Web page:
'Tis the season and all that. But what does that look like this year?
The worst of this miscarriage is behind us and now as the Christmas celebrations hit in full force how is this going to go? We wanted to be celebrating with a belly full of something more than turkey and mince pies.
Recurrent miscarriage for us has meant that each month we make the decision to try again to get pregnant. I wish we could just let this happen but now with certain medication prescribed to be taken at certain points in my cycle that's not possible - unless we said screw it and just forgot the meds all together. We'd have to be pretty certain that God was leading us there, but we're open to it!
We celebrate the birth of our Savior, our Jesus. We joyfully proclaim the life he promises us and at the same time we grieve the babies we will not hold. This is rough time for those who have lost a baby, the air everywhere is filled with songs being sung about babies being born.
Last night, on the longest night of the year, or church held a service recognising that this time of year is not always just a time of joy. It was such a beautiful space. The candles on the advent wreath lit in remembrance; for people we have lost, for the pain of loss, for the heavy burden of grief and lastly for the hope we have in Christ.
Readings and hymns which remind us that Christ enters into our suffering, that he carried and carries our burdens and that he is with us. Jeremy and I have such different personal experiences of faith and different ways we communicate with God that sometimes it can be hard for us to find common ground to grieve and worship in the midst of all this. This service granted us an opportunity to do just that.
I hadn't really considered it until last night, but with our miscarriages we have had no place to recognise our losses. No service or ceremony to say goodbye, no way to mark these painful events. That was what the service offered. A place to say our lives are changed. To say we had something so special and we lost it. To say we miss you, and we are heavy with the knowledge we will never get to hold you, and lastly a time to say goodbye. We won't forget you.
After the service, the tears, the goodbyes we came home and shared laughter over a glass of wine with some good friends and their little guy. It made the truth of joy in the midst of suffering come to life. The blessing of friendship and community made stronger in the midst of the pain of life.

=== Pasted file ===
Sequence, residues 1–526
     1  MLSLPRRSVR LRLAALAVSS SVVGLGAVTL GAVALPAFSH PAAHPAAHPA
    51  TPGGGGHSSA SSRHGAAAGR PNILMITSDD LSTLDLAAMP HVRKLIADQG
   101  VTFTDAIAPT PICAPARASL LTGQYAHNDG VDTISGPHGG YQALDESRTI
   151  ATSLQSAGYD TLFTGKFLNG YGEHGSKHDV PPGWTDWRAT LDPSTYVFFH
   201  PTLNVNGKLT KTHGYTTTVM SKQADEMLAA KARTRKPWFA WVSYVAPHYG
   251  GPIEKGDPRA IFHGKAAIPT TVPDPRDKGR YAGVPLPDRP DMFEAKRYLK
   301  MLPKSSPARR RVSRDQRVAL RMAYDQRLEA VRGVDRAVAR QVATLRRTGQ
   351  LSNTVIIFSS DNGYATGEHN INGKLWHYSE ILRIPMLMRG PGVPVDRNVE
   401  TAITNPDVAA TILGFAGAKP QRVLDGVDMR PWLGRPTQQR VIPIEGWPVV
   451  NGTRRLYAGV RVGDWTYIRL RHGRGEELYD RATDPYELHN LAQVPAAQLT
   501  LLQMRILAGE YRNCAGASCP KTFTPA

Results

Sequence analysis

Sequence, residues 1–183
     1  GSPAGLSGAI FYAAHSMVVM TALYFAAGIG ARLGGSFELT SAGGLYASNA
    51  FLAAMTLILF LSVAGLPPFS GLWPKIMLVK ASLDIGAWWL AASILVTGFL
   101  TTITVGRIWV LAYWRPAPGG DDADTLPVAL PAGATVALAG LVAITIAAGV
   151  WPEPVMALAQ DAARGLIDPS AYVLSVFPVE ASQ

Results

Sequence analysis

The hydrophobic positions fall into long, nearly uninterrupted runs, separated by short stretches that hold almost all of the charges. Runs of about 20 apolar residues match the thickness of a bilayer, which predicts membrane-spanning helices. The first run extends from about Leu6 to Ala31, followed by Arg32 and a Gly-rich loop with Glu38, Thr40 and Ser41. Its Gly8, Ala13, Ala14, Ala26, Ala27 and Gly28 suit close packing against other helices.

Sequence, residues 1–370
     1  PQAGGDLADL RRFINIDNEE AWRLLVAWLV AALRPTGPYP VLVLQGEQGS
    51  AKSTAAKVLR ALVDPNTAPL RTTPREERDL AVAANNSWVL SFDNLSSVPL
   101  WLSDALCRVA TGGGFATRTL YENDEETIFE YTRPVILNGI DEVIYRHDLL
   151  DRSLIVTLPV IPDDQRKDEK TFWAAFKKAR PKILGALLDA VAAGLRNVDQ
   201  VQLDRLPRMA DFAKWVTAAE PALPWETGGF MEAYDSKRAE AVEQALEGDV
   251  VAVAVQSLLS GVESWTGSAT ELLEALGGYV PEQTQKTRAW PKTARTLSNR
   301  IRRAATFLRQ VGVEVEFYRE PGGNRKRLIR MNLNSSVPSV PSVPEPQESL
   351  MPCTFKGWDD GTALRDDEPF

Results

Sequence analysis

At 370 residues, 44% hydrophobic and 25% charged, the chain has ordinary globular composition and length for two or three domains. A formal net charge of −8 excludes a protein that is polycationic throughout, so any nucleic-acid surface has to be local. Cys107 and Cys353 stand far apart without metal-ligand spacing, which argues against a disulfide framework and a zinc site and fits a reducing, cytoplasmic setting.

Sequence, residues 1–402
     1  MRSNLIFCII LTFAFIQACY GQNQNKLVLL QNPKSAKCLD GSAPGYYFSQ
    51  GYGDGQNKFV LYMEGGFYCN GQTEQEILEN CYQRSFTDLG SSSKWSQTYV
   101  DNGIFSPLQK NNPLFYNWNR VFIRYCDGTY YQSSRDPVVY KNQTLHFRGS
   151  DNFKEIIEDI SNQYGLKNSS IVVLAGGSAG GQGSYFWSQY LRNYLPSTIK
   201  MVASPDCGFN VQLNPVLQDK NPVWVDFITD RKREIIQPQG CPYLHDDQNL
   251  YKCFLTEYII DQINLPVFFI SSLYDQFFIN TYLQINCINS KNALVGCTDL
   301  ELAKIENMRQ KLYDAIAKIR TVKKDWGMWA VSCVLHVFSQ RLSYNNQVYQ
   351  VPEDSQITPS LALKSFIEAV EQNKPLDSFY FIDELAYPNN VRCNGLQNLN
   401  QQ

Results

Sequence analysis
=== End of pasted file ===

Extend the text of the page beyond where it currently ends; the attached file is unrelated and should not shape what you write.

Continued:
Here is Jeremy last night with baby Thomas, we love this kid! Look how festive he is in his red overalls!
Isaiah 53:1-8 (The Message)
1 Who believes what we've heard and seen? Who would have thought God's saving power would look like this?
2-6The servant grew up before God—a scrawny seedling,
a scrubby plant in a parched field.
There was nothing attractive about him,
nothing to cause us to take a second look.
He was looked down on and passed over,
a man who suffered, who knew pain firsthand.
One look at him and people turned away.
We looked down on him, thought he was scum.
But the fact is, it was our pains he carried—
our disfigurements, all the things wrong with us.
We thought he brought it on himself,
that God was punishing him for his own failures.
But it was our sins that did that to him,
that ripped and tore and crushed him—our sins!
He took the punishment, and that made us whole.
Through his bruises we get healed.
We're all like sheep who've wandered off and gotten lost.
We've all done our own thing, gone our own way.
And God has piled all our sins, everything we've done wrong,
on him, on him.
7-9He was beaten, he was tortured,
but he didn't say a word.
Like a lamb taken to be slaughtered
and like a sheep being sheared,
he took it all in silence.
Justice miscarried, and he was led off—
and did anyone really know what was happening?
He died without a thought for his own welfare,
beaten bloody for the sins of my people.
They buried him with the wicked,
threw him in a grave with a rich man,
Even though he'd never hurt a soul
or said one word that wasn't true.